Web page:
On September 12, the Federal Maritime-Terrestrial Zone (Zofemat) announced that several beaches in Los Cabos are now open again to bathers after restrictions caused by the bad weather conditions of the last few days.
Yellow flags have been placed on several beaches.
Among these are: Acapulquito Beach, El Tule, El Chileno Beach Palmilla Beach, Santa María Beach, La Hacienda, El Corsario Beach, Las Viudas Beach, 8 Cascadas Beach, and El Médano Beach.
Yellow flags indicate that these areas are now open to tourists and locals alike even though people should still be extremely cautious when entering the water.
Green flags, meaning that bathers can enjoy the ocean without worries, were placed in El Surgidero Beach and La Ribera Beach.
The Los Cabos Civil Protection delegation coordinator, Manuel Cortés Ávila, said: “[People] can now enter without any problem, and in terms of water quality it continues to improve every day.
The concentration of pollutants has decreased as they are being diluted little by little.”
Red flags are still present on some beaches
Even though the weather conditions are now optimal for bathers, some areas remain dangerous.
The beaches in front of Riu Hotel as well as Las Viudas Beach are still inaccessible due to strong waves and currents.
A few km northeast of Cabo San Lucas, the beaches of San José del Cabo are also currently considered dangerous for bathers, and swimming here is still prohibited.
Weather conditions can have a massive effect on Los Cabos beaches quickly turning these paradisiac sites into extremely dangerous places.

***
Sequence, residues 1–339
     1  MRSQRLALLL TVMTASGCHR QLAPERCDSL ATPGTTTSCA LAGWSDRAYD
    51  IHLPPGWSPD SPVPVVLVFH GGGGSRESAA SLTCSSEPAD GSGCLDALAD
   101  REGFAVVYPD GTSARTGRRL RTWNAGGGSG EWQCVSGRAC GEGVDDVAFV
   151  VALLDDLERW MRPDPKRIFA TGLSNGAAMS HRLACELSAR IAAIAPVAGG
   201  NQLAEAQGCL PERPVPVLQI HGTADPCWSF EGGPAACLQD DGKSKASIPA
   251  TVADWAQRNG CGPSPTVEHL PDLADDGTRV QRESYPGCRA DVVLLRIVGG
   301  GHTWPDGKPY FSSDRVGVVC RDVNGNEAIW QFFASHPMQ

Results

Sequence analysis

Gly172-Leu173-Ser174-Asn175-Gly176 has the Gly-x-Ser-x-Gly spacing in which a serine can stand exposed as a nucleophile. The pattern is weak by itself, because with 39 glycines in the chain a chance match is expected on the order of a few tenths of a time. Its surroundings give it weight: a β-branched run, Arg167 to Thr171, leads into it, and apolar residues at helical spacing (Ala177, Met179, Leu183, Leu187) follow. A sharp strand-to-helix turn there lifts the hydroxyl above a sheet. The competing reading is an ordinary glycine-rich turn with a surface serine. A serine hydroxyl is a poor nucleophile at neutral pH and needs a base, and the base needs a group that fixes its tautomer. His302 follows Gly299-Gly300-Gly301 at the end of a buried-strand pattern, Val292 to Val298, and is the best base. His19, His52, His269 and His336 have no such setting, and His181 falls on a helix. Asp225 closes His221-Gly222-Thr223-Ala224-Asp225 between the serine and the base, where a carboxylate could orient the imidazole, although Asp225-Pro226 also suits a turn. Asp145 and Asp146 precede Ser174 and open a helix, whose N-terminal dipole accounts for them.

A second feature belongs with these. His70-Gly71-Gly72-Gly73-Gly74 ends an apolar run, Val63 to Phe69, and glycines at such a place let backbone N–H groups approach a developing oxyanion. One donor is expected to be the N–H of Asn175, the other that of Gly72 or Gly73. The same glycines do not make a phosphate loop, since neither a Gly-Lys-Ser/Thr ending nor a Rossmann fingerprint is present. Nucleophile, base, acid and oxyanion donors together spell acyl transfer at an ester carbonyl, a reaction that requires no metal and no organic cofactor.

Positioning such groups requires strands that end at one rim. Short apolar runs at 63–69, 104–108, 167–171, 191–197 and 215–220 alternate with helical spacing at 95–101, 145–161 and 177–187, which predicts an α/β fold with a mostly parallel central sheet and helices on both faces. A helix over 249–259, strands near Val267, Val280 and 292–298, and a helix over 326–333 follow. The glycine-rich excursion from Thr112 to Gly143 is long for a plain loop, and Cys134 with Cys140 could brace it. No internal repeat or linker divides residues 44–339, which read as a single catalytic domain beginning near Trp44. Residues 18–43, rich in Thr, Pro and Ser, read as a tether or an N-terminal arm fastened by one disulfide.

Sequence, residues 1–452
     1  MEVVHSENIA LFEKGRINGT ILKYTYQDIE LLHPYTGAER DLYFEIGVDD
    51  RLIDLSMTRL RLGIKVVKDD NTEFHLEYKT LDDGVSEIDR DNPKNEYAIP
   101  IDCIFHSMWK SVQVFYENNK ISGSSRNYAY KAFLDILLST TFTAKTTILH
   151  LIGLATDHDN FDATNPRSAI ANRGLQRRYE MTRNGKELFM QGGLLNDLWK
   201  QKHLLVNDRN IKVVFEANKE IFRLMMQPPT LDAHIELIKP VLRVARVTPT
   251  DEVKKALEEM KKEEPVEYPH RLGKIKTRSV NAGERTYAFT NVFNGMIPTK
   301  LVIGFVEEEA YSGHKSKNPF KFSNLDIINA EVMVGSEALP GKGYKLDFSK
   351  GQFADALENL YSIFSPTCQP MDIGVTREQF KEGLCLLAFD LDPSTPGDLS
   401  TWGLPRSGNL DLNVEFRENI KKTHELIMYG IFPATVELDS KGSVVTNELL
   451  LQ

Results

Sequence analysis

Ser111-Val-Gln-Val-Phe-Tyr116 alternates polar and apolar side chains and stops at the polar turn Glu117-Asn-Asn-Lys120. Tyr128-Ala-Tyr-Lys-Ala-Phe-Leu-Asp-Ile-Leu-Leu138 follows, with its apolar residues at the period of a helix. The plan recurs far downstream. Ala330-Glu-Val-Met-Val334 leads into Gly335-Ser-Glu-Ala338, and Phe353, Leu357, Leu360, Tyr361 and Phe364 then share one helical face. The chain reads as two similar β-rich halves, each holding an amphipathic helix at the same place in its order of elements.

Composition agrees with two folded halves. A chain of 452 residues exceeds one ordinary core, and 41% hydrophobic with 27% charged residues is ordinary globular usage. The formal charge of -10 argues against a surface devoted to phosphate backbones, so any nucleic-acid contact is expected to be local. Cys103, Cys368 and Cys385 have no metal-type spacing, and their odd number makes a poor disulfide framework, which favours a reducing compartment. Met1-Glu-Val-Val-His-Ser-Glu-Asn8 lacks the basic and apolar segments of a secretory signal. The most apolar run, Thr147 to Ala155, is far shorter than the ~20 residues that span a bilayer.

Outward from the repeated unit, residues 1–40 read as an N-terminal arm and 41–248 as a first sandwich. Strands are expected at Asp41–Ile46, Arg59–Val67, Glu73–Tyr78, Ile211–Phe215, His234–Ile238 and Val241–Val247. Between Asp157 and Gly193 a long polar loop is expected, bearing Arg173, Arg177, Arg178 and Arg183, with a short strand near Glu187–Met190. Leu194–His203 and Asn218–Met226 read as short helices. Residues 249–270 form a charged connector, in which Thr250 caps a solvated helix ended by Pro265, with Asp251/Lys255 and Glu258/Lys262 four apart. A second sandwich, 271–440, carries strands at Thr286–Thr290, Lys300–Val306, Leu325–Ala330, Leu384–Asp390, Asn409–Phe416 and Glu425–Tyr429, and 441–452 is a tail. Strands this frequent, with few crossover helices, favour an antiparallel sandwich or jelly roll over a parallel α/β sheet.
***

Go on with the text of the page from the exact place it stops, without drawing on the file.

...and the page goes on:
According to the president of the Surf Association in Baja California Sur, Sandoval Villaseñor, surfers in Los Cabos keep acting as lifeguards rescuing bathers who swim too far from the beach and suddenly find themselves without the necessary strength to go back.
Manuel Cortés Ávila stresses the importance for everyone to learn what each flag color stands for:
“It is important because they can base [the water safety] on that, if they are green they already know that there are optimal conditions for swimming safely, yellow means ‘enter the sea with caution’ and if they are red, they cannot enter because it is very dangerous due to the strong waves or swell, and in black it indicates that they can no longer approach the beach, and in the same way they cannot enter it.”
It is also important to remember that white flags indicate the presence of jellyfish in the water.
Keeping the beaches clean
Manuel Cortés Ávila also highlights the need to keep Los Cabos beaches clean.
In fact, even though just a few days ago, five beaches in Los Cabos were assigned the highest award in Mexico for cleanliness and sustainability, he believes more environmental awareness is still needed to keep these areas clean from garbage.
According to Manuel Cortés Ávila, while 80% of the people going to Los Cabos beaches are now aware of the importance of keeping these spaces clean and garbage-free, the remaining 20% needs some more environmental education.
The problem seems to come from locals rather than tourists, as the beaches with the highest amount of trash, such as Hacienda and El Corsario, tend to be the ones most visited by the Los Cabos population.
In contrast, the beaches in front of hotels such as Pueblo Bonito Blanco, Rosé, and Me Cabo, are usually cleaner.
In particular, the beach of Empacadora remains the dirtiest in the area. Here, according to Manuel Cortés Ávila, during the weekend crews of cleaners collect about three bags of plastic per day.
“Mexicans […] think that we are here for that, to pick up their trash. But we are not there for that. We are there to keep them clean. Not to clean the garbage of people who are going to visit the beaches. There is sometimes a misinterpretation by users,” said Manuel Cortés Ávila.
Despite the situation, Manuel Cortés Ávila remains positive as day by day, the cleanliness of beaches in Los Cabos keeps improving.
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